July 17 is the 20th anniversary of Scottish cyclist and national treasure Graeme Obree’s epoch-making capture of the world Hour Record at the Hamar velodrome, Norway. To celebrate the occasion, Obree will be talking about the record ride at a special event in Glasgow.
Up Close and Personal with Graeme Obree will be hosted by broadcaster, musician and cyclist Dougie Vipond who will help Obree unlock the memories of that ground-breaking ride.
Obree famously used a the bike he made himself costing less than £100, complete with parts salvaged from an old washing machine. Old Faithful and washing machines were to become synonymous with Obree.
A maverick with his own ideas about training and technology, Obree didn’t fit in the cycling world of the time, though that makes him a fascinating speaker. His ‘preying mantis’ riding position was outlawed by the UCI, as was the ‘Superman’ position he came up with next. He eventually walked away from professional cycling when his team, Le Groupement, sacked him for refusing to take part in the team’s drug program
More recently, Obree has turned his attention to the human-powered vehicle speed record, which currently stands at 82.819mph, set by Sam Whittingham at Battle Mountain, Nevada, USA in 2009.
Obree recently tested his idiosyncratic faired recumbent, the Beastie, at Prestwick Airport and clocked 50 mph, demonstrating to sceptics that the bike could at least be ridden quickly in a straight line. Check out the video at The Guardian.
Beastie is unusual in that Obree pilots it in a face-down, head-forward position, very different from the feet-first position of most recumbents.
Obree now plans to take the Beastie to Nevada in September for the annual World Human Powered Speed Challenge. He is not making big predictions; that’s never been his style. “All I can do is go and give it a good punt,” he said.
Twenty years later it’s hard to remember just how astonishing Obree’s taking the record really was. For decades, the Hour Record had been the preserve of cycling’s greats. In the two decades before Obree, only two men, Eddy Merckx and Francesco Moser, had held the record.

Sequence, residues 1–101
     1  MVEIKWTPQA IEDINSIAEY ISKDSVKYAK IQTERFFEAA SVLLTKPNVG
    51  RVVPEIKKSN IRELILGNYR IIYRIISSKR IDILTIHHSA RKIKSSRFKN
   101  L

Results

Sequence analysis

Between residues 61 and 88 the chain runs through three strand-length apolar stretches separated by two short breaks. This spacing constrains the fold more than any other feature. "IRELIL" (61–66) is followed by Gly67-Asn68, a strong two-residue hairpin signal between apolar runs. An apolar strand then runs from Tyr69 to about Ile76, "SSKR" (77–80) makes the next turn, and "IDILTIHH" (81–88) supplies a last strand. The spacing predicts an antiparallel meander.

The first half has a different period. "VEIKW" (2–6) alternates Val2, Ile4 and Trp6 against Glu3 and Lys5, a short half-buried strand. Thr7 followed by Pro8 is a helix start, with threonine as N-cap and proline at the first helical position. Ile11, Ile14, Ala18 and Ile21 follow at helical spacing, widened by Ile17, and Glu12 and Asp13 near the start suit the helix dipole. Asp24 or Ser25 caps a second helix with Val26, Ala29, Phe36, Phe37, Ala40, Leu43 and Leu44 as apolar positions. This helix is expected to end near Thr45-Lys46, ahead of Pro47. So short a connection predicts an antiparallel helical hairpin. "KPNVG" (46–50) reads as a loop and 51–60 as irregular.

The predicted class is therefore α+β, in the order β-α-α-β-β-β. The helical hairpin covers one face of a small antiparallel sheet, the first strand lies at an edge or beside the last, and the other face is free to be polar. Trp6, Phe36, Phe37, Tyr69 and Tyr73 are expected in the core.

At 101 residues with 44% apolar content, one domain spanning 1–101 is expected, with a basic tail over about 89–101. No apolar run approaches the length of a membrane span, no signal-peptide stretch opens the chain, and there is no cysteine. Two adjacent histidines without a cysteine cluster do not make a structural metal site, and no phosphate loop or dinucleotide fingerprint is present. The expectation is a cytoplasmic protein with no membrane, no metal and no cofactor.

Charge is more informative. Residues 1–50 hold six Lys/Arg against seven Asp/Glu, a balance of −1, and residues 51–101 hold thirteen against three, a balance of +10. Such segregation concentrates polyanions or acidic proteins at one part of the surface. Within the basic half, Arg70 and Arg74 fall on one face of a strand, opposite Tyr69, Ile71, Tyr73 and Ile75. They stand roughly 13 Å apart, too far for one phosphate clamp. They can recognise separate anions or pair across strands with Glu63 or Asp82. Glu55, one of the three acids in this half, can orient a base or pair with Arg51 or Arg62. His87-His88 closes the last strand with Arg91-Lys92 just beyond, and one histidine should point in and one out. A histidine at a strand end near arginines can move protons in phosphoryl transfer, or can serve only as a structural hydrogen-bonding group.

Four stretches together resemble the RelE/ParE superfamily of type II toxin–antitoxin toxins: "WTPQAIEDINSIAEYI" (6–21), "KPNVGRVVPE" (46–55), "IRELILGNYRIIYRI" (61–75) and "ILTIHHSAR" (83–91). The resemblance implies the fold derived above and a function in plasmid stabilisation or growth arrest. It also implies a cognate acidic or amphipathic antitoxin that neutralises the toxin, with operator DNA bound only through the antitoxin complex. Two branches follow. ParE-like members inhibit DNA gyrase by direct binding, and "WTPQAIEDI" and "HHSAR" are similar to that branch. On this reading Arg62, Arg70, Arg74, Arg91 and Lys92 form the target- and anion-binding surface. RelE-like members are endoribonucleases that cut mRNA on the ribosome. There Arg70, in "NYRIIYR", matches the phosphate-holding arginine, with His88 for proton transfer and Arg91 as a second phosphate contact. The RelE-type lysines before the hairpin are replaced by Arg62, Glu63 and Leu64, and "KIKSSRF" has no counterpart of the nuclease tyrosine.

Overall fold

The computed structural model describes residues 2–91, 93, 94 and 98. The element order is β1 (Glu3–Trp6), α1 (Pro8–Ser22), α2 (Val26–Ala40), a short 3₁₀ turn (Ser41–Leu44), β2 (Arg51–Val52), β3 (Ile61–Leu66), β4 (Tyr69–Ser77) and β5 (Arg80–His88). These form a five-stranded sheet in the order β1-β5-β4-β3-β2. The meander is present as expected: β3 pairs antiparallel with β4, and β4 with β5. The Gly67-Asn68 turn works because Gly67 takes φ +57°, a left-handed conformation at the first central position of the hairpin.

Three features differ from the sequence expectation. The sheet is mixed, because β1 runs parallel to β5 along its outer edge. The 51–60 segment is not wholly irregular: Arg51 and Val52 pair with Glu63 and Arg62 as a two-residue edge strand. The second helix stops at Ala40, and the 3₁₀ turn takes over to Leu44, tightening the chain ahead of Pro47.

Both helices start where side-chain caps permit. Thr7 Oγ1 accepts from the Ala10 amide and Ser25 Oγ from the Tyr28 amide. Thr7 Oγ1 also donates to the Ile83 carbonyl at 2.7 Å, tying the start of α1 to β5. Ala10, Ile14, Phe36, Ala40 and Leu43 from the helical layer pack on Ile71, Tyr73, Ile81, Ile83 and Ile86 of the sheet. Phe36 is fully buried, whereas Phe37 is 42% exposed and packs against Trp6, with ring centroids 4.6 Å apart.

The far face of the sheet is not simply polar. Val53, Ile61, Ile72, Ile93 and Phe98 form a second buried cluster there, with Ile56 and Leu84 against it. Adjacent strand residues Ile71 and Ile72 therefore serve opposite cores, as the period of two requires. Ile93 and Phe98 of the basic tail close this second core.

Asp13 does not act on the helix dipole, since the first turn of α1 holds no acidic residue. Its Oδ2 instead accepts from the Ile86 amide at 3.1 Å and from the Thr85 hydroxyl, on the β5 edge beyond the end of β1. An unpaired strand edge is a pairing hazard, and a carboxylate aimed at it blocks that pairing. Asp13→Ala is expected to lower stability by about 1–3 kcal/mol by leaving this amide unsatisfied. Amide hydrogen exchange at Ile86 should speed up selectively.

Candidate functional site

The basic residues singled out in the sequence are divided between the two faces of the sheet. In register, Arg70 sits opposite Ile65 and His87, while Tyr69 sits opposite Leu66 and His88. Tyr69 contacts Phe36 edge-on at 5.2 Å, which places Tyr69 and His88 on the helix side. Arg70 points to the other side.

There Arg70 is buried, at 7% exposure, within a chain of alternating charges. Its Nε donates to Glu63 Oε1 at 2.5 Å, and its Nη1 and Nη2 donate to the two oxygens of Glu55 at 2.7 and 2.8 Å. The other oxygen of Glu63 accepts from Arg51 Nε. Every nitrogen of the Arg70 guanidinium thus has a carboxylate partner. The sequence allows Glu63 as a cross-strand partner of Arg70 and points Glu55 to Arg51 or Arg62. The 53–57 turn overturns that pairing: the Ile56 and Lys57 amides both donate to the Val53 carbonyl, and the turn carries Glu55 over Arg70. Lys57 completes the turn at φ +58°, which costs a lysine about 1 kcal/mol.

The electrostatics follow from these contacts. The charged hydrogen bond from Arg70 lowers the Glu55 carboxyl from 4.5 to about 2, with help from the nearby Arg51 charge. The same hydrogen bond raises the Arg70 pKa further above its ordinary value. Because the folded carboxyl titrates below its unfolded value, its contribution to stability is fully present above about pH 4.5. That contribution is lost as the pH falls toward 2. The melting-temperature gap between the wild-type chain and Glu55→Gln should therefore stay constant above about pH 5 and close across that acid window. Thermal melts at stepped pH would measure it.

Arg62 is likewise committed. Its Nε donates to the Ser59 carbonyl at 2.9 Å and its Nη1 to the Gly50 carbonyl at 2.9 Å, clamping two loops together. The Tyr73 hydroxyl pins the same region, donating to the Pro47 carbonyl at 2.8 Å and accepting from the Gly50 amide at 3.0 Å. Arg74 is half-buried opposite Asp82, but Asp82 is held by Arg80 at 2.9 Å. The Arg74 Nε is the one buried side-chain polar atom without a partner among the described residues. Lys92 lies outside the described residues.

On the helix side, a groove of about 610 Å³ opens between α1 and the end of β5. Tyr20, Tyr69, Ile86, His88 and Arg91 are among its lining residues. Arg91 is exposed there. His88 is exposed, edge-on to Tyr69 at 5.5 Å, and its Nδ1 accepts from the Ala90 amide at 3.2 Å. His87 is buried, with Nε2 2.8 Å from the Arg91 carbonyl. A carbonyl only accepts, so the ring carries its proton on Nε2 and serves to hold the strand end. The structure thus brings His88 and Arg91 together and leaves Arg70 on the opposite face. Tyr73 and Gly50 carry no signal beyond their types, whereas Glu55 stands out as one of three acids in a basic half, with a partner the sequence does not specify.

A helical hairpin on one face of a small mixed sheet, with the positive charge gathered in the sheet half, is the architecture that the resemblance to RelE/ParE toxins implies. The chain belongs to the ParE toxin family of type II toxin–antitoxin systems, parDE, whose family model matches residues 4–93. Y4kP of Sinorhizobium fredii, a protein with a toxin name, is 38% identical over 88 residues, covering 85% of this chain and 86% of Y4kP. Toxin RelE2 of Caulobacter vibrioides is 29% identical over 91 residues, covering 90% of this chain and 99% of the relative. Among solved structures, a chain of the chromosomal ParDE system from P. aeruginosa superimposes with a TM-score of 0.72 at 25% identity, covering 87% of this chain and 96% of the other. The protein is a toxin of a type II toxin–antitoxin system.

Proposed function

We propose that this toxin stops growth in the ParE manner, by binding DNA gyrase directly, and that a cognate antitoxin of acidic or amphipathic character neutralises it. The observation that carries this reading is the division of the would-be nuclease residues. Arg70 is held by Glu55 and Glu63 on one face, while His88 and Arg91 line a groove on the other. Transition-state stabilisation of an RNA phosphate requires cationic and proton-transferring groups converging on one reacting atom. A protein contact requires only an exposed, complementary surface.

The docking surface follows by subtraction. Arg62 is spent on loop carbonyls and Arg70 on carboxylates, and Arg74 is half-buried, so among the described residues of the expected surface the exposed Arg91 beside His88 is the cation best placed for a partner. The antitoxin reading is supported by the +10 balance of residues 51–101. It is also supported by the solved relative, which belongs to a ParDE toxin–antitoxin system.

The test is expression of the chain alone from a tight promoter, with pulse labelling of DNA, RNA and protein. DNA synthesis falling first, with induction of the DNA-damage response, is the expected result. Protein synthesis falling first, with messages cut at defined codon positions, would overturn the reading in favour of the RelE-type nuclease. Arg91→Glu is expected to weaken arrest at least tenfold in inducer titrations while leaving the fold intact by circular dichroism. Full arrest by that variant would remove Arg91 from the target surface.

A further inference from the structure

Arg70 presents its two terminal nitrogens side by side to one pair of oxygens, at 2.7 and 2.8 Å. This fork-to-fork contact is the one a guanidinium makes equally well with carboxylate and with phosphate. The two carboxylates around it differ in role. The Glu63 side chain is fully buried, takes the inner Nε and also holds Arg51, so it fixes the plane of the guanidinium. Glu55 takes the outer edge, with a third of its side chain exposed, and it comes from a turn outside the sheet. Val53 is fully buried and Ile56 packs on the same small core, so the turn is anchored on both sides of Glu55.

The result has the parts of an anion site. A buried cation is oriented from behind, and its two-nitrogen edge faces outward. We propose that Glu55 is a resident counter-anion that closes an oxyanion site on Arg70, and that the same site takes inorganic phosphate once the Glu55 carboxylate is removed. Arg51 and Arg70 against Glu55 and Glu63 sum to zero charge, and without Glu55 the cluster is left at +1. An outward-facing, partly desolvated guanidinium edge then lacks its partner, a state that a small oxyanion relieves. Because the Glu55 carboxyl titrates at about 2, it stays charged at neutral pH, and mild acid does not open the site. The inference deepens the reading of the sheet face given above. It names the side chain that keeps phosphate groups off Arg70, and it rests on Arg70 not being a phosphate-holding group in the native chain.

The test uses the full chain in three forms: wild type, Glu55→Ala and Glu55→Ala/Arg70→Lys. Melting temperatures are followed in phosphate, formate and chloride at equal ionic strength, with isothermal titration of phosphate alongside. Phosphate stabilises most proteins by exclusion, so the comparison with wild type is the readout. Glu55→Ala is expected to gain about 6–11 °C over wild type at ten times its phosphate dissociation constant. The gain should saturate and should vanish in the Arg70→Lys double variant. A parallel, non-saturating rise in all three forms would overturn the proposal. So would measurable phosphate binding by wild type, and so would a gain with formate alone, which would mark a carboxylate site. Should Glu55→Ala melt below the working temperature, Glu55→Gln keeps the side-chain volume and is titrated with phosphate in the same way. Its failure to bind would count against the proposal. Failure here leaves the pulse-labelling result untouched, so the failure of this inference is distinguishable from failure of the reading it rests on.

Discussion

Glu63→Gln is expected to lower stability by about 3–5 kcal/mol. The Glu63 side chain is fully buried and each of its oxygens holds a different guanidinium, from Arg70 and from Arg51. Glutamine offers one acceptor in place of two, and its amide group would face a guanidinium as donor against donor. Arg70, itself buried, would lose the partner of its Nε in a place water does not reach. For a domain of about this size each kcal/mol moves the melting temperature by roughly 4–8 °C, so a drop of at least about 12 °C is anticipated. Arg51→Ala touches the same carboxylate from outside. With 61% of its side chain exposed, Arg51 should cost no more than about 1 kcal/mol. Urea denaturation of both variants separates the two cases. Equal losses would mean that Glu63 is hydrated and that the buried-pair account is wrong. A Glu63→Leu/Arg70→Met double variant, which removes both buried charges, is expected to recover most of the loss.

Over the following three-and-a-bit years, the record would fall six times, first to Chris Boardman, then back to Obree before the old guard reasserted itself and Miguel Indurain ad Ton Rominger had successful cracks at the record. Finally, in 1996, Boardman set a mark of 56.375km that has never been surpassed.
Meanwhile, the UCI was watching with ill-disguised horror as the record bikes became increasingly removed from the classic drop-handlebar track bike used by Merckx in 1972. They conveniently forgot that Moser had used then-illegal disk wheels in 1984, and banned first Obree’s ‘preying mantis’ position, then his and Boardman’s ‘Superman’ position, before finally losing patience with the whole affair and mandating that the Hour Record would only be valid if ridden on a bike like Merckx’s.
With 49.441km, Boardman managed to just edge ahead of Merckx’ record in 2000, adding an agonising 10 metres on the Manchester Velodrome, a doubly remarkable ride for being conducted at sea level compared to Merckx’s effort at over 7000 feet in Mexico City.
Five years later little-known Czech pro Ondřej Sosenka set a mark of 49.7km. Three years later Sosenka tested positive for methamphetamine and between the technological tedium of the UCI’s rules and the perception that a record held by a convicted doper was tainted, everyone more or less lost interest.
Well, with one honourable exception. The high point in the recent history of the Hour Record is Michael Hutchinson’s The Hour: Sporting Immortality the Hard Way, a superb, funny account of his own unsuccessful pursuit of the record.
Tickets to Up Close and Personal with Graeme Obree are £20 through Obree’s website. The event will also be streamed live on line.
Acknowledged by the Telegraph as a leading cycling journalist, John Stevenson has been writing about bikes and cycling for over 30 years since discovering that people were mug enough to pay him for it rather than expecting him to do an honest day's work.
He was heavily involved in the mountain bike boom of the late 1980s as a racer, team manager and race promoter, and that led to writing for Mountain Biking UK magazine shortly after its inception. He got the gig by phoning up the editor and telling him the magazine was rubbish and he could do better. Rather than telling him to get lost, MBUK editor Tym Manley called John’s bluff and the rest is history.
Since then he has worked on MTB Pro magazine and was editor of Maximum Mountain Bike and Australian Mountain Bike magazines, before switching to the web in 2000 to work for CyclingNews.com. Along with road.cc editor Tony Farelly, John was on the launch team for BikeRadar.com and subsequently became editor in chief of Future Publishing’s group of cycling magazines and websites, including Cycling Plus, MBUK, What Mountain Bike and Procycling.
John has also written for Cyclist magazine, edited the BikeMagic website and was founding editor of TotalWomensCycling.com before handing over to someone far more representative of the site's main audience.
He joined road.cc in 2013 and these days he lives in Cambridge where the lack of hills is more than made up for by the headwinds.